Our ancestors would think they’d died and gone to heaven if they walked into a supermarket today. All that bounty all in one place – no hunting or gathering required. Quite amazing really. You can’t beat supermarkets for convenience and I often have fun wandering the aisles exploring the goodies on the shelves. However I’m not crazy about the way they are like juggernauts crushing all in their path. There is a road near by that has three Tescos in the space of approximately 500 metres. Ridiculous. I’m not crazy about bullies or monopolies in any form so increasingly seek out alternatives.
I had heard about The People’s Supermarket, a cooperative based in Holborn with members working in the store in exchange for reduced food prices. Its motto “For the people, by the people” and the concept seemed interesting so I went to check it out.
Founded by social entrepeneur Arthur Potts Dawson in 2010, the Big Idea was to start a radical new supermarket selling sustainable food, owned by the customers, who would work there for free to keep prices low and decide what was stocked. Members pay an annual fee of £25 and commit to working four hours a month. In return they get 20% off all their shopping and a share in the store.
The first thing I spotted outside was a SPAR sign which confused me. SPAR is a massive nationwide chain of convenience shops so how was The People’s Supermarket independent or a cooperative?
A bit of research and I learnt the store had been facing closure so had entered into a community-private partnership arrangement with SPAR in June 2012. I’m not sure what that means exactly but The People’s Supermarket state that the store remains member-owned and member-run. SPAR is its main wholesale grocery supplier and is providing training and infrastructure support. Does this mean that the original concept of a shop run independently can’t work? That’s a shame.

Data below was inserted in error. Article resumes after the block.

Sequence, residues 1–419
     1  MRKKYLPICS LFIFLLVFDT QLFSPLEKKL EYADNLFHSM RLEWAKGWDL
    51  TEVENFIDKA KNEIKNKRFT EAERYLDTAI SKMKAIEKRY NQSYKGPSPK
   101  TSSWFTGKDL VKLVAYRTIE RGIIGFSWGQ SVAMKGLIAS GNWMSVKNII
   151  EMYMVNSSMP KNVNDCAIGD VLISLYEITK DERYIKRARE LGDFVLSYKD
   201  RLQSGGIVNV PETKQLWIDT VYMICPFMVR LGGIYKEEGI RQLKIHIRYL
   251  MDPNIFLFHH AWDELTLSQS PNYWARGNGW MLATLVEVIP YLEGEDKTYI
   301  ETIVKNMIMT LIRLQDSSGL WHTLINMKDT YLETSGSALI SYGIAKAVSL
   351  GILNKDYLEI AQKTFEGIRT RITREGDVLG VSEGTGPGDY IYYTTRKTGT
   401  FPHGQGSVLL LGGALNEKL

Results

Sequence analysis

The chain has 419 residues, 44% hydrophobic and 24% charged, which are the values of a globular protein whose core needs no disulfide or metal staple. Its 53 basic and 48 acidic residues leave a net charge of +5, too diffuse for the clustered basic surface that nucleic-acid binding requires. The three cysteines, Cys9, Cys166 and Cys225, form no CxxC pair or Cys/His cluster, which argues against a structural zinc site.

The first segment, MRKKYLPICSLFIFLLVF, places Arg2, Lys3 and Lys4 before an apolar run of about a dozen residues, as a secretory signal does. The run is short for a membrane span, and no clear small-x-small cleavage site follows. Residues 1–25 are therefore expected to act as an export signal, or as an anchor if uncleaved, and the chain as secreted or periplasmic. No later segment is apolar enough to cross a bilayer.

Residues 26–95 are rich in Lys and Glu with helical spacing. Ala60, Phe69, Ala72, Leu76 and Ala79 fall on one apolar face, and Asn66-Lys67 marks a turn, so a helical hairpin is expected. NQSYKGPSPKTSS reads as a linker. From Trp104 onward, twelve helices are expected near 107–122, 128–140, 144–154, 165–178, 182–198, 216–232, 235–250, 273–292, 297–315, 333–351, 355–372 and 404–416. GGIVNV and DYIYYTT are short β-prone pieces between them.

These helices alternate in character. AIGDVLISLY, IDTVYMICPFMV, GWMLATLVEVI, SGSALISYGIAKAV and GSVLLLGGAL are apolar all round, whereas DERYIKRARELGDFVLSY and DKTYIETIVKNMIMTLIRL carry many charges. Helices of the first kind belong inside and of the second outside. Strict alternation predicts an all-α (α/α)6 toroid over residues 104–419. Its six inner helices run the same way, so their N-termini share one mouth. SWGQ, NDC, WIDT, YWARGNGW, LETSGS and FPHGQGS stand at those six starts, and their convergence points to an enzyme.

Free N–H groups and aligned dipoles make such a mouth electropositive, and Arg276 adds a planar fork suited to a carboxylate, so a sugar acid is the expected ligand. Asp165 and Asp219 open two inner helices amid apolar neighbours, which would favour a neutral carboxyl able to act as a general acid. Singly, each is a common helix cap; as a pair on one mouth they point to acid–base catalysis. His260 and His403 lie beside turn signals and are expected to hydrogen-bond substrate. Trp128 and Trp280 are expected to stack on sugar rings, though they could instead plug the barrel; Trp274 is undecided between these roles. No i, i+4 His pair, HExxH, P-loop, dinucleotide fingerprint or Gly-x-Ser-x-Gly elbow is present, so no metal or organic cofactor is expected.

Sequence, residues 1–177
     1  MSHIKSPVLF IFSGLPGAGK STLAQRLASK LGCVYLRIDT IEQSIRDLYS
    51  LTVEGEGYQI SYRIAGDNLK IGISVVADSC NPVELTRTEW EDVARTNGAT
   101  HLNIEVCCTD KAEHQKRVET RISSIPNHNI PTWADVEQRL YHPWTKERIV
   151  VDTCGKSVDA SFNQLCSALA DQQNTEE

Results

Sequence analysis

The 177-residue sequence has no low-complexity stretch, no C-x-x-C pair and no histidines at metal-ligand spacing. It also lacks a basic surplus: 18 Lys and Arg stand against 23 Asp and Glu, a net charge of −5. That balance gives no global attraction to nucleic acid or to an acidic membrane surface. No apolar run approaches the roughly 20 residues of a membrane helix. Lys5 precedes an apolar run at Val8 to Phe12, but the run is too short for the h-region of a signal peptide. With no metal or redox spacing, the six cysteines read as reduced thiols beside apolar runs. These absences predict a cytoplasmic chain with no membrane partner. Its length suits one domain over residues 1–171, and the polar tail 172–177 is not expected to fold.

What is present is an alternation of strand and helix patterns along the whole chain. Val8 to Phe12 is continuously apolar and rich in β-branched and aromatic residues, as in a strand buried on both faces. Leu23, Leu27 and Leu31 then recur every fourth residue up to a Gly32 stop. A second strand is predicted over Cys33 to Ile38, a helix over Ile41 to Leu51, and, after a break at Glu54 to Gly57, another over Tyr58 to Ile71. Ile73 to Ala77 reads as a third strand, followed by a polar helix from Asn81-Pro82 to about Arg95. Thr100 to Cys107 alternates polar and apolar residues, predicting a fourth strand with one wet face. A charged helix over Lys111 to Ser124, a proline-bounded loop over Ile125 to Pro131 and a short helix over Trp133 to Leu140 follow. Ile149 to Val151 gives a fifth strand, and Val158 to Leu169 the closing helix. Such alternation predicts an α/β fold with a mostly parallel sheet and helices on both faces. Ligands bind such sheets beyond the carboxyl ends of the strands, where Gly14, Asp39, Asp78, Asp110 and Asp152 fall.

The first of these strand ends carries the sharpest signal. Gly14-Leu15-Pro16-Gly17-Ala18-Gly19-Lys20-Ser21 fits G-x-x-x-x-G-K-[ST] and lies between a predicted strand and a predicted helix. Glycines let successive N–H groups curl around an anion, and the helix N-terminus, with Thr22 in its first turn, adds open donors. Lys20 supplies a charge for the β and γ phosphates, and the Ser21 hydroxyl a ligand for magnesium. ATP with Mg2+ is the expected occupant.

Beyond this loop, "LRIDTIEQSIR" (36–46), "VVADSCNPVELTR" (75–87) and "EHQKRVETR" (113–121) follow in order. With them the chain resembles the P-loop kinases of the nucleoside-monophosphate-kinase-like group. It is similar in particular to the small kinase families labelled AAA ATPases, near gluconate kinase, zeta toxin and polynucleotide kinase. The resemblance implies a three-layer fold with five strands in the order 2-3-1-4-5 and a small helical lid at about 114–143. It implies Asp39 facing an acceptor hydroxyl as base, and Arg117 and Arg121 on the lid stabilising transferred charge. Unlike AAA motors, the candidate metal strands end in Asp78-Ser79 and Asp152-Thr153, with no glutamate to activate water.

Stock wise, it was more like a corner shop than what i have in my mind as a supermarket and the shelves looked a little bare, though I did visit late on a weekend. There was a decent selection of locally grown produce and I really liked the kitchen that prepares and serves dishes with food nearing expiry to help minimise food waste.
The People’s Supermarket felt very much like a neighbourhood store so I won’t be travelling across London to do my regular shopping though I would pop in if in the area. It would be be good to see the original concept spread and succeed.
The People’s Supermarket, 72-78 Lamb’s Conduit St, London WC1N 3LP www.thepeoplessupermarket.org www.thepeoplessupermarket.org/